While at St John the Evangelist, Neuhaus became active, and gained a level of prominence, in the civil rights and anti-war movements, working with people like the Berrigan brothers, William Sloane Coffin, and even Martin Luther King himself.  However, the unrest and outright violence triggered at the 1968 Democratic National Convention in Chicago, which he participated in, marked the beginning of his disillusionment with the left.  It was from that event that he began the long process of disengagement from these leftist associations, leading ultimately to his conversion to Catholicism, to the priesthood, and to the founding of First Things.  
The process took time after that 1968 awakening but quickened during the 1980s, when Neuhaus came into contact, especially through his ongoing engagement with pro-life issues, with prominent Catholic officials, including Cardinal John O’Conner, (then) Fr. Avery Dulles, and even, in a minor way, Pope St. John Paul II and Cardinal Joseph Ratzinger.  It ended in 1990 when Neuhaus began First Things and entered the Church.  He was ordained a priest a year later, having been personally formed under the tutelage of Fr. Dulles.
Neuhaus’ journey from activist liberal to renowned “theo-con” was remarkable, as was Neuhaus the man.  Boyagoda paints a picture of a man with an outsized intellect and a lifetime of singular accomplishment.  It isn’t surprising that Neuhaus also had some of the flaws typically associated with such people.  To all who came in contact with him, Neuhaus was clearly a man of great intellect, huge ambition, strong, domineering personality, with the ego to match, who tended to dominate any room he entered.  He also didn’t mind enjoying a good cigar and a sip of 18 year old Scotch along the way.  

Having said this, I wonder if his human failings, the untamed ego, over arching ambition, and domineering personality are traits that merit the attention Boyagoda gives them.  Do those human failings, while interesting, really affect our assessment of a life dedicated to ensuring that the voice of faith be heard in the public square?  If I have a complaint about Boyagoda’s book, it’s that I think these personal traits sometimes appear out of any context within the narrative, at the expense of conveying more substantive details of Neuhaus’ life and work.
Neuhaus considered himself throughout his career, as both Lutheran pastor and Catholic priest, to be a Christian and a patriot, in that order.   It was his lifelong concern that the voice of those of religious faith be heard in the public square, not as the dominant voice, but certainly as an equal part of the national conversation of ideas.  This is an important message in a age when the popular culture is doing all that it can to silence those voices. The emphasis on Neuhaus’ personal failings is regrettable because the attention paid to these minor faults distracts from the important, lifelong, theme of Neuhaus’ thinking, neatly summarized by R. R. Reno in the April, 2015 issue of First Things: “What will endure is Neuhaus’s constant reminder: Man is first and foremost a worshipping animal, not a voting animal.  Rendering to God what is God’s matters most.  The rest is commentary.”  To miss this point is to misunderstand Richard John Neuhaus.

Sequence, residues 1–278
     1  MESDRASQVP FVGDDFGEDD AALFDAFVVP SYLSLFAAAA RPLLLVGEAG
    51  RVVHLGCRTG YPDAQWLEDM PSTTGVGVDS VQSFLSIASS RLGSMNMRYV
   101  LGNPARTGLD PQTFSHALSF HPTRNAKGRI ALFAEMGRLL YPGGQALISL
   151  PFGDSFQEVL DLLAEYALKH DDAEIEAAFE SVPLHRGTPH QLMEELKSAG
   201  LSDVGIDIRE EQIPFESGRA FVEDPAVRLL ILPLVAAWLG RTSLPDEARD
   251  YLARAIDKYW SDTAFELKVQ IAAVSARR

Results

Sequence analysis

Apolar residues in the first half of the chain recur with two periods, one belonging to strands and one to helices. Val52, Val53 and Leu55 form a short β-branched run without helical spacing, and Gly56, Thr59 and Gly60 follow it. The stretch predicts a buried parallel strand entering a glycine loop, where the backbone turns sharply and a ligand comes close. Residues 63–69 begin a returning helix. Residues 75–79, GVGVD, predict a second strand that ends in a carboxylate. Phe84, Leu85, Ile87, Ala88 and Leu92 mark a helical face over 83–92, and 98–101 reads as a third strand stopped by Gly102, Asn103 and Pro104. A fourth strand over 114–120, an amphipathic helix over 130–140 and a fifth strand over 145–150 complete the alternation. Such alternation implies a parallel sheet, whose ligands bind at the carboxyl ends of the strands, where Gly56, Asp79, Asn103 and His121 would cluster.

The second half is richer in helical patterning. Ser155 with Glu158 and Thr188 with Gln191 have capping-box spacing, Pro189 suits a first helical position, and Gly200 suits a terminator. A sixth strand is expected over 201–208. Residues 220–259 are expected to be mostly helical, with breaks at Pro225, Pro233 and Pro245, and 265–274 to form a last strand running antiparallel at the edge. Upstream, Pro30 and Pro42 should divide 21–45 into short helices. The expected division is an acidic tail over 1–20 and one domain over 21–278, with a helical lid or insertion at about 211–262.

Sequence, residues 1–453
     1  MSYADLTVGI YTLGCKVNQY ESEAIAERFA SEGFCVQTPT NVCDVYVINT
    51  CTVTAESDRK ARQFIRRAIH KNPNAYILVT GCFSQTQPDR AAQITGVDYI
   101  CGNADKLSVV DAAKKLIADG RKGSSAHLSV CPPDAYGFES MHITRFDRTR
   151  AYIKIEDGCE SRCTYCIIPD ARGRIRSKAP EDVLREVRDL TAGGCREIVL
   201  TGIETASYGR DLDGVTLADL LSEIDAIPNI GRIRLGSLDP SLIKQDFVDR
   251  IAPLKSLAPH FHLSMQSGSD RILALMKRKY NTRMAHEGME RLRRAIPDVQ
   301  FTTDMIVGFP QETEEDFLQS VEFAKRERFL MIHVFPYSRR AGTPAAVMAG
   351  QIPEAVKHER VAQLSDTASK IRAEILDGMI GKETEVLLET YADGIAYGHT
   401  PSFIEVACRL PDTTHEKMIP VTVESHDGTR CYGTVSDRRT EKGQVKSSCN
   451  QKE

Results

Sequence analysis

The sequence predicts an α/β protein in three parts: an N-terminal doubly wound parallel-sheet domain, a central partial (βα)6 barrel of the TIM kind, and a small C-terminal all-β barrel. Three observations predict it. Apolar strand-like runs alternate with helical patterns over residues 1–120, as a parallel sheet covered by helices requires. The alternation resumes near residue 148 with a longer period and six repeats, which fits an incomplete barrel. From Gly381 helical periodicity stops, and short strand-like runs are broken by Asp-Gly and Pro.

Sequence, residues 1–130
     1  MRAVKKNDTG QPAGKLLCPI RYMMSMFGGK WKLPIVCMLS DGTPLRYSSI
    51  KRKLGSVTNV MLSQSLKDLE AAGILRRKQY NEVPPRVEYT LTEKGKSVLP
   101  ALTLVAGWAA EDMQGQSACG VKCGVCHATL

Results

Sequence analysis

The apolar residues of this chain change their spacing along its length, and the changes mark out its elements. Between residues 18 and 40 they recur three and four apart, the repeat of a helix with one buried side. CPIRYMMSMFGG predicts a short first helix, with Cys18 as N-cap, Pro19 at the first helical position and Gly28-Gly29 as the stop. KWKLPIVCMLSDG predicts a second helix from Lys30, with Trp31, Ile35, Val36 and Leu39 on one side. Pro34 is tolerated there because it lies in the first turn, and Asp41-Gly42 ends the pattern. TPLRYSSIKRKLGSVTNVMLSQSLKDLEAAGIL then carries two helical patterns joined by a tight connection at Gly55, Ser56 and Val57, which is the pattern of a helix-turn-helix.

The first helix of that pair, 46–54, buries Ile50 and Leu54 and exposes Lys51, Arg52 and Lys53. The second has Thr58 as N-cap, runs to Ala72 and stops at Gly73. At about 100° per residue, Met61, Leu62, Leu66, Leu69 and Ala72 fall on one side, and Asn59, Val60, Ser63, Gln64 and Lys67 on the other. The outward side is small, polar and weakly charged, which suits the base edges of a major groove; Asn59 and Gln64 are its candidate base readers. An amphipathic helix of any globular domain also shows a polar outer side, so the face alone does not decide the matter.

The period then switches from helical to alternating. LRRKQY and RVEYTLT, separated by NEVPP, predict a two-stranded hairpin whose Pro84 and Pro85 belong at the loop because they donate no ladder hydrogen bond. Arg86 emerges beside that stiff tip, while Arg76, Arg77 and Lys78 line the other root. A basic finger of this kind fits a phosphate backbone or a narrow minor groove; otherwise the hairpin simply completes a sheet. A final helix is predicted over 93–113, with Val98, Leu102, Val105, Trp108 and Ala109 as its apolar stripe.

One other minor criticism concerns a sometimes disjointed narrative.  For example, Neuhaus spent his early years in Pembroke, Ontario and his early life in that small Canadian town is covered in the first three chapters, which conclude with a brief allusion to events to come in Neuhaus’ life.  At the start of the next chapter, we find him attending boarding school in Nebraska, where one of his sisters lived.  How, and why, was he sent there?  Why would his parents send him so far away from home at such an early age?  There’s no explanation, leaving the reader only to question.  Another, more glaring, example:  given the time spent on Arthur Piepkorn’s early, strongly Catholic, liturgically based influence on Neuhaus, the reader expects Piepkorn to have played some part in Neuhaus’ ultimate decision to become Catholic.  Yet, this connection remains undrawn, and once Neuhaus leaves the seminary, Piepkorn drops from view, the reader can only guess how Piepkorn contributed to the formation of the future Fr. Neuhaus, as he must have done.